The Obama administration wants the Supreme Court to overturn California's gay marriage ban, outlining a broad legal argument that could ultimately be applied to other state prohibitions across the country.

The administration's friend-of-the-court brief, filed Thursday evening, unequivocally calls on the justices to strike down California's Proposition 8 ballot measure, although it stops short of the soaring rhetoric on marriage equality President Barack Obama expressed in his inaugural address in January.

Still, it marks the first time a U.S. president has urged the high court to expand the right of gays and lesbians to wed.

The brief is not legally binding, though the government's opinion could carry weight with the Supreme Court when it hears oral arguments on Proposition 8 in late March.

'They establish homes and lives together, support each other financially, share the joys and burdens of raising children, and provide care through illness and comfort at the moment of death.'—Administration court brief

California is one of eight states that give gay couples all the benefits of marriage through civil unions or domestic partnership but don't allow them to wed. The brief argues that in granting same-sex couples those rights, California has already acknowledged that gay relationships bear the same hallmarks as straight ones.

"They establish homes and lives together, support each other financially, share the joys and burdens of raising children, and provide care through illness and comfort at the moment of death," the administration wrote.

The brief marks the president's most expansive view of gay marriage and signals that he is moving away from his previous assertion that states should determine their own marriage laws.

Obama, a former constitutional law professor, signed off on the administration's legal argument last week following lengthy discussions with Attorney General Eric Holder and Solicitor General Donald Verrilli.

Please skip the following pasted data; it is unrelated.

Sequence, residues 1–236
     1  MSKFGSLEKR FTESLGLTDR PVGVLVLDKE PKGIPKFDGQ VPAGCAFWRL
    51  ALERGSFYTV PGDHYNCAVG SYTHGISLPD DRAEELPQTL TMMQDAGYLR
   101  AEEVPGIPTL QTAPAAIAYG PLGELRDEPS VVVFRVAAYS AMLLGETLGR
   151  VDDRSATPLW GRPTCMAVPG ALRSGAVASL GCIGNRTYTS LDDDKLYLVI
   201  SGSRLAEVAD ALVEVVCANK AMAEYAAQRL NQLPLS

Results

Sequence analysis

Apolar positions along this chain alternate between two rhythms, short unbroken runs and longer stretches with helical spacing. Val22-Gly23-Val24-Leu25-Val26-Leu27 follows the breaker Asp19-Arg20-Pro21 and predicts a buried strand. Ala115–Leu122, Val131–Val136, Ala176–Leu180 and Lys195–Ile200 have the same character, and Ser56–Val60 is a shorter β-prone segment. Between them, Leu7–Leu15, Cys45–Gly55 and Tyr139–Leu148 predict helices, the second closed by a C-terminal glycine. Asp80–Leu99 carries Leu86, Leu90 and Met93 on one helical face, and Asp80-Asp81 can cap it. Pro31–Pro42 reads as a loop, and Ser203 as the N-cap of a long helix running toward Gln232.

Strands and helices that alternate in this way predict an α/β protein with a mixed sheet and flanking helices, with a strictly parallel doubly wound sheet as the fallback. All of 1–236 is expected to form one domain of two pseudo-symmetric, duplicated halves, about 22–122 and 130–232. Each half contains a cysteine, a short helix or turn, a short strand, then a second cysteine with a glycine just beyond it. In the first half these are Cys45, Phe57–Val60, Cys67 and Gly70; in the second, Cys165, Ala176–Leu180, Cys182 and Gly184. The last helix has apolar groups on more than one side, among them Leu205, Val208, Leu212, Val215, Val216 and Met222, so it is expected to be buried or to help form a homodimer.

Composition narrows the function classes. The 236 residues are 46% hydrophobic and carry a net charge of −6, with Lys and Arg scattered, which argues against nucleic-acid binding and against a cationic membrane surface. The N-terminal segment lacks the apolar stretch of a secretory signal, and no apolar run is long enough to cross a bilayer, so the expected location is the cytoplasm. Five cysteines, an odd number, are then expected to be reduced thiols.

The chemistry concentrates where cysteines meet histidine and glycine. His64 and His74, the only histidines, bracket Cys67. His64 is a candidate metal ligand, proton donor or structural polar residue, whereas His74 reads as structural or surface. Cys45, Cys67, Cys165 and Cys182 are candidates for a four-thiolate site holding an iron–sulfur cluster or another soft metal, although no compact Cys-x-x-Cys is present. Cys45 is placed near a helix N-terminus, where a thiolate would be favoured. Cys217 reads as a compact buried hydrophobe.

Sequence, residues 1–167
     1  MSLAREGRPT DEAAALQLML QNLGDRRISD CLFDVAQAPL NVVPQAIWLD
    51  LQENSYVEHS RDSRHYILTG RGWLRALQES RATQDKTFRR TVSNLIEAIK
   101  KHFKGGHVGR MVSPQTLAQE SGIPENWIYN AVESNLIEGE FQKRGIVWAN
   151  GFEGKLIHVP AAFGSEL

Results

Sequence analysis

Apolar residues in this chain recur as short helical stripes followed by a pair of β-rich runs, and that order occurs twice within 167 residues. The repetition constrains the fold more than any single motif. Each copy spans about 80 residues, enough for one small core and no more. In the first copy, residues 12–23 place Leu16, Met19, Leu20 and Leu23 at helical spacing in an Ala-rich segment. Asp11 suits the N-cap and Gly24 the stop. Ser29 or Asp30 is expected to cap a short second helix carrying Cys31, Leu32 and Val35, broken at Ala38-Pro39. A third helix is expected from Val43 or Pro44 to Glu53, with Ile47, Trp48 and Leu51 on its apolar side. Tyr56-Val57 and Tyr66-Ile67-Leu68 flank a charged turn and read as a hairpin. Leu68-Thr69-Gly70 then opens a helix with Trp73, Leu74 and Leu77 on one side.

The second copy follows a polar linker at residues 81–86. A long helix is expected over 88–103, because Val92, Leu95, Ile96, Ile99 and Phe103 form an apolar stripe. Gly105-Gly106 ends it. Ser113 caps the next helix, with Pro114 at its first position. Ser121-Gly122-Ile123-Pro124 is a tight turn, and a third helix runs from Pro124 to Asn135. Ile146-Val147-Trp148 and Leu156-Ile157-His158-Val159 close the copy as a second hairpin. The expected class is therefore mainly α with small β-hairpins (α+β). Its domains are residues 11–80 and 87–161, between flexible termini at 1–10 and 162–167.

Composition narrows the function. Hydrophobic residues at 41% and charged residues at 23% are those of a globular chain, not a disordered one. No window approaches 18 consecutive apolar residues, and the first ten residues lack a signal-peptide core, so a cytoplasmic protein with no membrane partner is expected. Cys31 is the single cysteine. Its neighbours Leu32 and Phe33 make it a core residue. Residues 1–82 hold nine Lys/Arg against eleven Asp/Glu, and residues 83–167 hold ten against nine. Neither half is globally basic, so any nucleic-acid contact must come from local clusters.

In a statement following the filing, Holder said "the government seeks to vindicate the defining constitutional ideal of equal treatment under the law."

Obama's position, if adopted by the court, would likely result in gay marriage becoming legal in the seven other states: Delaware, Hawaii, Illinois, Nevada, New Jersey, Oregon and Rhode Island.

In the longer term, the administration urges the justices to subject laws that discriminate on sexual orientation to more rigorous review than usual, as is the case for claims that laws discriminate on the basis of race, sex and other factors.

The Supreme Court has never given gay Americans the special protection it has afforded women and minorities. If it endorses such an approach in the gay marriage cases, same-sex marriage bans around the country could be imperiled.

Despite the potentially wide-ranging implications of the administration's brief, it still falls short of what gay rights advocates and the attorneys who will argue against Proposition 8 had hoped for. Those parties had pressed the president to urge the Supreme Court to not only overturn California's ban, but also declare all gay marriage bans unconstitutional.

Still, marriage equality advocates publicly welcomed the president's legal positioning.

Government's opinion could carry weight with top court

"Obama again asserted a bold claim of full equality for gay Americans, this time in a legal brief," said Richard Socarides, an attorney and advocate. "If its full weight and reasoning are accepted by the Supreme Court, all anti-gay marriage state constitutional amendments will fall, and quickly."

The National Organization for Marriage, a leading supporter of the California ban, rejected Obama's arguments. Spokesman Thomas Peters said he expects the Supreme Court to uphold the votes of more than 7 million Californians to protect marriage, spokesman Thomas Peters said.

The president raised expectations that he would back a broad brief during his inaugural address on Jan. 21. He said the nation's journey "is not complete until our gay brothers and sisters are treated like anyone else under the law."

"For if we are truly created equal, than surely the love we commit to one another must be equal as well," he added.

Obama has a complicated history on gay marriage. As a presidential candidate in 2008, he opposed the California ban but didn't endorse gay marriage. He later said his personal views on gay marriage were "evolving."

When he ran for re-election last year, Obama announced his personal support for same-sex marriage but said marriage was an issue that states, not the federal government, should decide.

Same-sex marriage has been legal in Canada for more than seven years.